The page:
Origin and Habitat: Mexico (Puebla, Oaxaca)
Habitat: Common on the arid calcareous mesa west of Tehuacan in southern Puebla, in heavily grazed areas with stony ground and tree forms of Yucca periculosa and Lysiloma sp. Here also are numerous tree cactus and several other agaves. This table land is 5,410-6,400 ft (1,650-1,950 m) elevation with 1.5-1.6 ft (475-500 mm) of rain, annual .The winters are dry and frostless.
Description: Up to 50-80(-100) cm. Slow-growing, short-stemmed, widely surculose, seldom flowering, rigid rosettes, forming open clones; When this agave matures, its leaves are stout, and clustered together, creating a starburst effect.
Leaves: Olive-green, light yellowish green or bright apple-green or finely flecked with brownish red, finely asperous with a broad yellowish band running down the center of each leaf., mature leaves deltoid-lanceolate (dagger-shaped) 30-60 x 5-7 (mid-leaf) cm, rigid, thick at base, concavo-convex, straight, When stressed by drought and cool weather, the leaves turn shades of red. Leaves are variable in size and shape. Margin corneous continuous, 1-2 mm wide, grayish, straight, with or without teeth, the teeth small, few (2-3 mm long), and remote (3-5 cm apart), or large, 5-9 mm long, 1-2 cm apart, gray, straight or curved. Terminal spine 2-4 cm cm long, conical to subulate, usually straight, grayish, grooved above, somewhat keeled below.
Remarks: This taxon is recognizable by its thick, rigid, deltoid, olivaceous leaves. Toothless forms are also common. The leaves of this species are quite variable depending on clones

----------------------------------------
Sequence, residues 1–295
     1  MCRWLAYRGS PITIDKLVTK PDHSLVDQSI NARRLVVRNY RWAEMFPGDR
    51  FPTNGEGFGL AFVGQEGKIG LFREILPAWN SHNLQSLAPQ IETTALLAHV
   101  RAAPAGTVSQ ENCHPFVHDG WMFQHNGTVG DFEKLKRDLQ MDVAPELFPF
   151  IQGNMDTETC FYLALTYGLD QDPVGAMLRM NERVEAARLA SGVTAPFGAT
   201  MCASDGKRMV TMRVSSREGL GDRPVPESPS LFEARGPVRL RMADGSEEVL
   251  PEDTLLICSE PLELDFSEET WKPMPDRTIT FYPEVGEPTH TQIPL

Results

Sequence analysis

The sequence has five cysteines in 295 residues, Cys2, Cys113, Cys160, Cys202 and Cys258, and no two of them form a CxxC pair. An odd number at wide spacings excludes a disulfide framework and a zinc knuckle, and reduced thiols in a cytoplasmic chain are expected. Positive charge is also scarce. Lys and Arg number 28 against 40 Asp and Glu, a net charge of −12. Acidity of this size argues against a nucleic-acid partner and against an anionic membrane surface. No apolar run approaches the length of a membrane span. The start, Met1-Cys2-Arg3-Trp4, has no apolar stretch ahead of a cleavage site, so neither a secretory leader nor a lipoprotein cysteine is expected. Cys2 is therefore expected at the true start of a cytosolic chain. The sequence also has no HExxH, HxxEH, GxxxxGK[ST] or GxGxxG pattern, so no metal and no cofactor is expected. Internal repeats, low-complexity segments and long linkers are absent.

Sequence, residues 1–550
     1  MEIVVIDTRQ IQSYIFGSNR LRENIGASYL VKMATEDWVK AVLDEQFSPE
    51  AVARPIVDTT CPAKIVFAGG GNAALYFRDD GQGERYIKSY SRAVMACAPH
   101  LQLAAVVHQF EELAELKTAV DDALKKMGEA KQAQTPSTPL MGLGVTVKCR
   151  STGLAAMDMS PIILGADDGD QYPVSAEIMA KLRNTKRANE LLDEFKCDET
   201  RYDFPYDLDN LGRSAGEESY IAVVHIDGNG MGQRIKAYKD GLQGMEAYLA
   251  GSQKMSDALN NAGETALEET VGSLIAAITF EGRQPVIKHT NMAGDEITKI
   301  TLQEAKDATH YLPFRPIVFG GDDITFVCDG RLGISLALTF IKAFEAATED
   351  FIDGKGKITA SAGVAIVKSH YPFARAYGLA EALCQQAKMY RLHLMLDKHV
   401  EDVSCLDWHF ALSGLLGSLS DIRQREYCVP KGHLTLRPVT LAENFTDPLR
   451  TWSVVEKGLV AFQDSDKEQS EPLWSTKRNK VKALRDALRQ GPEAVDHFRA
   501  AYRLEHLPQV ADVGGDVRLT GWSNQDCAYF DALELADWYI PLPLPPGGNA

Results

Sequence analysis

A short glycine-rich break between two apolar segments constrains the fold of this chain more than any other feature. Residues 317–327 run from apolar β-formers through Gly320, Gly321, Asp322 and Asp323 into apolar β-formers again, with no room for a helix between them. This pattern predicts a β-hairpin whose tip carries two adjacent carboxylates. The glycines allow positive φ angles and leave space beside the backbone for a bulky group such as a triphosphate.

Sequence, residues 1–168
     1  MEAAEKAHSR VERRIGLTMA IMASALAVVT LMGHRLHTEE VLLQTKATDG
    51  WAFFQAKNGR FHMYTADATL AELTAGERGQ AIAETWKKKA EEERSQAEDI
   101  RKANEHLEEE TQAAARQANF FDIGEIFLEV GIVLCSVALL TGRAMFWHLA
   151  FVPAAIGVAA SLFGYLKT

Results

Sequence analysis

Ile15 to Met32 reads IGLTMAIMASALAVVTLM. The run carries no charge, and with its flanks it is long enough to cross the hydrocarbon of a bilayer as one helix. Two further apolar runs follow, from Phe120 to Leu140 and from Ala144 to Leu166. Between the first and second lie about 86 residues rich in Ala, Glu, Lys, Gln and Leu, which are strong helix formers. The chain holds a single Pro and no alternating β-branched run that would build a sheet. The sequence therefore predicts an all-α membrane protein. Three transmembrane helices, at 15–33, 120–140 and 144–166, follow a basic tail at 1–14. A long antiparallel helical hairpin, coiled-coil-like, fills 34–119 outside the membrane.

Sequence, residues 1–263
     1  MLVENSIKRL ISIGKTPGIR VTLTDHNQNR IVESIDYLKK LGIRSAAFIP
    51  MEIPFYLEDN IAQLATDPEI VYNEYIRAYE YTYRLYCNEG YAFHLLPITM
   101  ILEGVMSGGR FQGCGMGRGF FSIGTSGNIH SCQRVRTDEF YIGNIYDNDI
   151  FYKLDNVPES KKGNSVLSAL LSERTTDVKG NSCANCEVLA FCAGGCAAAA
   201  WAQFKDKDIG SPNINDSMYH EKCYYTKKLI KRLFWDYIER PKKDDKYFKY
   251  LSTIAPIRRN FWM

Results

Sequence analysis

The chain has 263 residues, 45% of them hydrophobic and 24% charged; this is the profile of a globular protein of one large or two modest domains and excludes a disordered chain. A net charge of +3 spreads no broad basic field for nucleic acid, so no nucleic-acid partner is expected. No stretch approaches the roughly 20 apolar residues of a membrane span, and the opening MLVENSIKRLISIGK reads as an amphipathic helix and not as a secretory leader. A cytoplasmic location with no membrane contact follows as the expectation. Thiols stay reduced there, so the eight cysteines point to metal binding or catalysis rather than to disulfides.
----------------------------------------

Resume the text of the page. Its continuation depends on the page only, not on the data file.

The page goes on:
Cultivation and Propagation: Agave triangularis is a relatively easy-to-grow species. Need a very well-drained, soil. It is theoretically hardy to 19°F (-7°C), particularly when dry . It grows fairly fast in summer if provided with copious water but allows to dry thoroughly before watering again. During the winter months, one should only water enough to keep the leaves from shriveling. They do well in full sun or a lightly shaded area. Plants cultivated outdoors are drought tolerant and takes blasting heat and full sun.
Propagation: By suckers which often are found growing around the base of the plant, Remove the basal suckers (if available) in spring or summer and let the cuttings dry for a few days before inserting in compost or by seed.
"Agave triangularis" Text available under a CC-BY-SA Creative Commons Attribution License. www.llifle.com 14 Nov. 2005. 07 Mar 2021. </Encyclopedia/SUCCULENTS/Family/Agavaceae/579/Agave_triangularis>